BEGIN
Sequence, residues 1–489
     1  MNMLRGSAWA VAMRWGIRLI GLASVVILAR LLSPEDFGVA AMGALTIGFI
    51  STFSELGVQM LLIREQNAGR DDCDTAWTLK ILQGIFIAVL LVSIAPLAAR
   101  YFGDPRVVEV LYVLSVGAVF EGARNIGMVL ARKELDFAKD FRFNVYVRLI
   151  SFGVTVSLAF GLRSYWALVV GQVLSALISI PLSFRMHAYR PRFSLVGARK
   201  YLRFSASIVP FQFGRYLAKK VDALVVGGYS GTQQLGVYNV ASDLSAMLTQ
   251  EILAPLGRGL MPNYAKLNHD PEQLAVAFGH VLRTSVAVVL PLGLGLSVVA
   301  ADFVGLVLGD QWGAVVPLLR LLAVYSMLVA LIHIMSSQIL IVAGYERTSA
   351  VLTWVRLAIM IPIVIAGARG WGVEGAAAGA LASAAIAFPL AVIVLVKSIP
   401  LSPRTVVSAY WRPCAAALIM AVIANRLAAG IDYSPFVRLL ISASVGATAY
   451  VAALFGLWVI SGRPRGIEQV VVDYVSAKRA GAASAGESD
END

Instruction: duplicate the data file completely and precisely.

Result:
Sequence, residues 1–489
     1  MNMLRGSAWA VAMRWGIRLI GLASVVILAR LLSPEDFGVA AMGALTIGFI
    51  STFSELGVQM LLIREQNAGR DDCDTAWTLK ILQGIFIAVL LVSIAPLAAR
   101  YFGDPRVVEV LYVLSVGAVF EGARNIGMVL ARKELDFAKD FRFNVYVRLI
   151  SFGVTVSLAF GLRSYWALVV GQVLSALISI PLSFRMHAYR PRFSLVGARK
   201  YLRFSASIVP FQFGRYLAKK VDALVVGGYS GTQQLGVYNV ASDLSAMLTQ
   251  EILAPLGRGL MPNYAKLNHD PEQLAVAFGH VLRTSVAVVL PLGLGLSVVA
   301  ADFVGLVLGD QWGAVVPLLR LLAVYSMLVA LIHIMSSQIL IVAGYERTSA
   351  VLTWVRLAIM IPIVIAGARG WGVEGAAAGA LASAAIAFPL AVIVLVKSIP
   401  LSPRTVVSAY WRPCAAALIM AVIANRLAAG IDYSPFVRLL ISASVGATAY
   451  VAALFGLWVI SGRPRGIEQV VVDYVSAKRA GAASAGESD